a, Left, dot plot showing z-score of normalized, log-transformed and variance-scaled gene expression of selected receptors (y-axis) that are upregulated in EVT-1, EVT-2 and/or iEVT (ME3) (x-axis). Right, dot plot showing the presence of selected ligands (y-axis) in cells present in ME3 (invasion front; x-axis). Differential expression as in Extended Data Fig. 8a. Schematic in bottom right represents select ligand–receptor interactions. b, Left, high-resolution multiplexed smFISH of placenta–decidua interface showing HLA-G (EVT) and CD14 (decidual macrophage), and CXCL16 and its cognate receptor CXCR6. Dashed outlines indicate areas shown magnified on the right. Centre, filled and unfilled arrows indicate neighbouring CXCL16-expressing decidual macrophages and CXCR6-expressing EVTs, respectively. Images are representative of two donors. c, Schematic representation of the EVT differentiation experimental design, indicating time points and biological replicates in TSC models (n = 2 donors). d, Dot plot showing normalized, log-transformed and variance-scaled expression of genes (x-axis) that are significantly upregulated (limma, FDR < 0.05, with Bonferroni correction for multiple hypotheses testing) in the EVT subsets upon exposure to CXCL16 compared with control. e, Left, dot plot showing z-score of normalized, log-transformed and variance-scaled gene expression of selected receptors (y-axis) that are upregulated in GC (ME4) (x-axis). Right, dot plot showing the presence (y-axis) of selected ligands in cells present in ME4 (decidual–myometrial border; x-axis). Differential expression as in Extended Data Fig. 8a. Schematic in bottom right represents select ligand–receptor interactions. f, High-resolution multiplexed smFISH of the placenta–decidua interface showing HLA-G and EFNB1, demonstrating that expression of EFNB1 is present throughout EVTs, including iEVTs, and higher in GCs. The inset (bottom centre) illustrates the multinucleated nature of GCs. Images representative of two donors. dM, decidual macrophages; dS, decidual stromal cells; endo-M, maternal endotheial cells; PV, perivascular.

We predicted multiple interactions between invading trophoblast cells and dM1 (EREG+ and IL1B+) and dM2 (FOLR2+ and CD14high) (Fig. 4a and Extended Data Fig. 11c,d). Maternal macrophages upregulate adhesion receptor genes, including CADM1 (expressed in dM1 and dM2) and SEMA4A (expressed in dM1), whose cognate receptors NECTIN3 and PLXND1 are expressed in EVTs (Fig. 4a). In addition, both dM1 and dM2 express the chemokine genes CXCL16 and CCL3, and their receptor genes CXCR639 and CCR1 are upregulated in invading EVTs (Fig. 4a). CXCR6+HLA-G+ EVTs and CXCL16+CD14+ decidual macrophages are in close proximity in the implantation site (Fig. 4b). Similar to their in vivo counterparts, scRNA-seq confirms that TSC-EVTs express CXCR6, and we used this model to functionally validate the effect of CXCL16 on EVTs (Fig. 4c and Extended Data Fig. 11e–h). CXCL16 upregulates the expression of characteristic placental genes (PHLDA2 and CGA), those involved in endothelial integrity (TYMP) as well as cytokeratins (KRT7, KRT8 and KRT18), actin-binding molecules (CORO1B) and the galectin member LGALS3, previously assigned to have a role in EVT invasion40 (Fig. 4d). This is in keeping with a role for CXCL16 in promoting trophoblast motility and function.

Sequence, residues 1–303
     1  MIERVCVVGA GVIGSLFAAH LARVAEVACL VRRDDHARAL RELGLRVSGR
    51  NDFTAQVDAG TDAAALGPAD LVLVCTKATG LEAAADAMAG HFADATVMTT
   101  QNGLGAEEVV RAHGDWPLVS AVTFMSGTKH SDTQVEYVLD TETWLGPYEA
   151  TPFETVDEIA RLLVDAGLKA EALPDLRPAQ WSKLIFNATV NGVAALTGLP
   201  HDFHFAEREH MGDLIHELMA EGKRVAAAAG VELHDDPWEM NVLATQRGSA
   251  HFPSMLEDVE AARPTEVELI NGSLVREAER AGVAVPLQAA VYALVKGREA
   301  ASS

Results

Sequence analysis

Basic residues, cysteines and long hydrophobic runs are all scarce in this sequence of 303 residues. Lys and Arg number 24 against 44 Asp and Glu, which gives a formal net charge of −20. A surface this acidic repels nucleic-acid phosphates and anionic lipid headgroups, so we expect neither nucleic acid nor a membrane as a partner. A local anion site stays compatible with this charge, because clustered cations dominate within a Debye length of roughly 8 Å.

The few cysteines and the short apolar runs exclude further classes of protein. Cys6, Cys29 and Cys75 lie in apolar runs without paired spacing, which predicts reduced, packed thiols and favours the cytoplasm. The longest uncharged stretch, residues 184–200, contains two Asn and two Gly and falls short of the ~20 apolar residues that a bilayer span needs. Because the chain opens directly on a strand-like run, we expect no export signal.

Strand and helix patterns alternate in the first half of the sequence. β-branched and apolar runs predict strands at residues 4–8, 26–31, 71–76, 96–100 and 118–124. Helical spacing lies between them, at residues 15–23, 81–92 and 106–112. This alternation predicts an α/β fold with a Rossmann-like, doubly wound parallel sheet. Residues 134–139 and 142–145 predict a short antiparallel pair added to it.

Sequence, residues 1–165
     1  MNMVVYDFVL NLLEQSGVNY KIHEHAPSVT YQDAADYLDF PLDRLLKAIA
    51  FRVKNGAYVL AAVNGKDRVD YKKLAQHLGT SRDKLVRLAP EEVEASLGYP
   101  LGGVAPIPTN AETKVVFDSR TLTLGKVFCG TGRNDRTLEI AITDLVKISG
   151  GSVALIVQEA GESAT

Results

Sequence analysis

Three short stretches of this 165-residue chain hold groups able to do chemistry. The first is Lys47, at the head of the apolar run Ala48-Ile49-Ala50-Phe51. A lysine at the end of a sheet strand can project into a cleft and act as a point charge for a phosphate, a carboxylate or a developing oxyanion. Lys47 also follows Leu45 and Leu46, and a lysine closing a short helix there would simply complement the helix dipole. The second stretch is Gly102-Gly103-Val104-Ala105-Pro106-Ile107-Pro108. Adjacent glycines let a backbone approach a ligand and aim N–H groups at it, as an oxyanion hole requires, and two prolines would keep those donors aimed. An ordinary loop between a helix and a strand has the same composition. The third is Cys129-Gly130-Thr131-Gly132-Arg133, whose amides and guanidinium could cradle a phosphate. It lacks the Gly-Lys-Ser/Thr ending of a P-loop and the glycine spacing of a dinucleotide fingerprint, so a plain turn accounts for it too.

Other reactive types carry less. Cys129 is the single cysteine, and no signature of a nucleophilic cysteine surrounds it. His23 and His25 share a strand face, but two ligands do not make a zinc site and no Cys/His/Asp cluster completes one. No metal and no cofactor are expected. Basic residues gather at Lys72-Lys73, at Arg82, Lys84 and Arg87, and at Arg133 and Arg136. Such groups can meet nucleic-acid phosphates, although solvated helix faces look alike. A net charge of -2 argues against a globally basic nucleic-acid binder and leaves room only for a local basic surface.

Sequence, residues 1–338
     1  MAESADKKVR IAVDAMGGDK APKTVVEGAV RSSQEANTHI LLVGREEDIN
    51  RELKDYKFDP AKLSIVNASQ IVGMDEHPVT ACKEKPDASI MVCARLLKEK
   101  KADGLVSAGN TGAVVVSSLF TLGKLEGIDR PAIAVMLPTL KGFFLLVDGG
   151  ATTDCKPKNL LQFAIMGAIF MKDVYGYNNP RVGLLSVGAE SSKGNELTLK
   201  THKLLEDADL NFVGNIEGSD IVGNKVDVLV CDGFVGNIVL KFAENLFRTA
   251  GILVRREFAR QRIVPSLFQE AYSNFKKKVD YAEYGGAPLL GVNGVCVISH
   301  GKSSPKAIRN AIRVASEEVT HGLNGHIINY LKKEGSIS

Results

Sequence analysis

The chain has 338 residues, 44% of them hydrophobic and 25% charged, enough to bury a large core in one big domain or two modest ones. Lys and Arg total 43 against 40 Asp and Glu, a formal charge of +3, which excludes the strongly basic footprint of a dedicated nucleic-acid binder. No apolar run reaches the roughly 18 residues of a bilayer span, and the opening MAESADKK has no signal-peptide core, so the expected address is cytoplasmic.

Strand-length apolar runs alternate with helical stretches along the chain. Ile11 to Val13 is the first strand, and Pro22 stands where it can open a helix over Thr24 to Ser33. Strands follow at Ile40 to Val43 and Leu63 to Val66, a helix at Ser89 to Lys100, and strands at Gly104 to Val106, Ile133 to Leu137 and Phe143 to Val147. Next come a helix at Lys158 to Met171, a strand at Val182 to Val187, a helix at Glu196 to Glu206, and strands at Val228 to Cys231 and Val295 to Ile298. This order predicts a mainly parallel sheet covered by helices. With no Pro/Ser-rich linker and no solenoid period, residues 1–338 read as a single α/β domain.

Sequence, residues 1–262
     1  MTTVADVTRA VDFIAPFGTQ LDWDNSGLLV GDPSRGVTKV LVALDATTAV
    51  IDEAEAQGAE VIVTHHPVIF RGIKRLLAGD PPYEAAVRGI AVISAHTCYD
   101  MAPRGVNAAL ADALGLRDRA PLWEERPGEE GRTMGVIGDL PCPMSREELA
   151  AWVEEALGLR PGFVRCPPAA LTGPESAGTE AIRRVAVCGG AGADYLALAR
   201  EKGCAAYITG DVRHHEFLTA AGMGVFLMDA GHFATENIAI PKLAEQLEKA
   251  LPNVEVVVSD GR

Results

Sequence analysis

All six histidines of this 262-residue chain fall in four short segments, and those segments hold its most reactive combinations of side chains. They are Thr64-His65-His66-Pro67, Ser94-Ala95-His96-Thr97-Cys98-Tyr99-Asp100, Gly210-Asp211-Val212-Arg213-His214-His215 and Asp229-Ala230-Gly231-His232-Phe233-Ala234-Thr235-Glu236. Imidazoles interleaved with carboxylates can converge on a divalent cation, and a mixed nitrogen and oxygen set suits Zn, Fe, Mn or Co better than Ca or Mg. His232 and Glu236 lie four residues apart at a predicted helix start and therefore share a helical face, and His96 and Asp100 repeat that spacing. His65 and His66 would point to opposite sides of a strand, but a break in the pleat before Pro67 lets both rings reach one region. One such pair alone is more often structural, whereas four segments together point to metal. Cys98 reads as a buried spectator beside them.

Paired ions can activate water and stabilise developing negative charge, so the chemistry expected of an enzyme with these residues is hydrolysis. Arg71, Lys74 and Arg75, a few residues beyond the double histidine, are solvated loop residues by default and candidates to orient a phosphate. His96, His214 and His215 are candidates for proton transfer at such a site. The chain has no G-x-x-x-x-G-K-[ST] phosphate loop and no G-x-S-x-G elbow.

The receptors that are potentially involved in EVT invasion, including CXCR6, CSF1R38 and PLXND1, are downregulated in GCs (Fig. 4a), in keeping with their presence at the limit of EVT invasion41. GCs form by the fusion of iEVTs and upregulate adhesion genes (JAM2, EFNB1 and SEMA4C) whose cognate receptor genes are expressed by other iEVTs (JAM3, EPHB2, EPHB3 and PLXNB2), providing potential mechanisms for fusion (Fig. 4e). A possible explanation for iEVT migration from decidua into myometrium is the specific expression of EPHB1 and EPHB410 by myometrial smooth muscle cells (uSMCs) which bind to EFNB1, which is upregulated in the iEVTs and GCs (Fig. 4e). We validated expression of EFNB1 in GCs using multiplexed smFISH (Fig. 4f).

eEVT interactions with spiral arteries

Trophoblast arterial transformation during early pregnancy is crucial for pregnancy success. Initially, there is destruction of the media by iEVTs which is replaced with acellular fibrinoid material1,27,41. We previously defined two perivascular cell states13, PV1 (MCAM-high) and PV2 (MMP11-high) in the arterial media. Here we combine scRNA-seq and smFISH to identify two cell states within PV1: PV1-AOC3 (AOC3-high, MYH11-high, FNDC1-high and NTRK2-high) and PV1-STEAP4 (STEAP4-high, EPHB6-high and LZTS1-high) (Extended Data Fig. 12a–c). We mapped the interactions between perivascular cell subsets and iEVT that might lead to medial destruction. Expression of EFNB1 by iEVTs could induce their tropism towards the arteries as perivascular cells express the cognate receptor gene, EPHB6 (Figs. 4f and  5a). We also find that iEVTs upregulate specific cell signalling molecules (PTPRS and NTN4) whose cognate receptor genes (NTRK2 and NTRK3) are upregulated in PV1-AOC3 (Fig. 5a). Neurotrophic tyrosine receptor kinases (NTRKs) can be associated with cellular survival. Whether they are involved in the ‘fibrinoid change’ in the arterial media1,27,41,42 would require further exploration. Using multiplexed smFISH, we validated the close proximity between iEVTs (HLA-G+) expressing PTPRS and perivascular cells (MCAM+) expressing NTRK2 and NTRK3 (Fig. 5b and Extended Data Fig. 12d).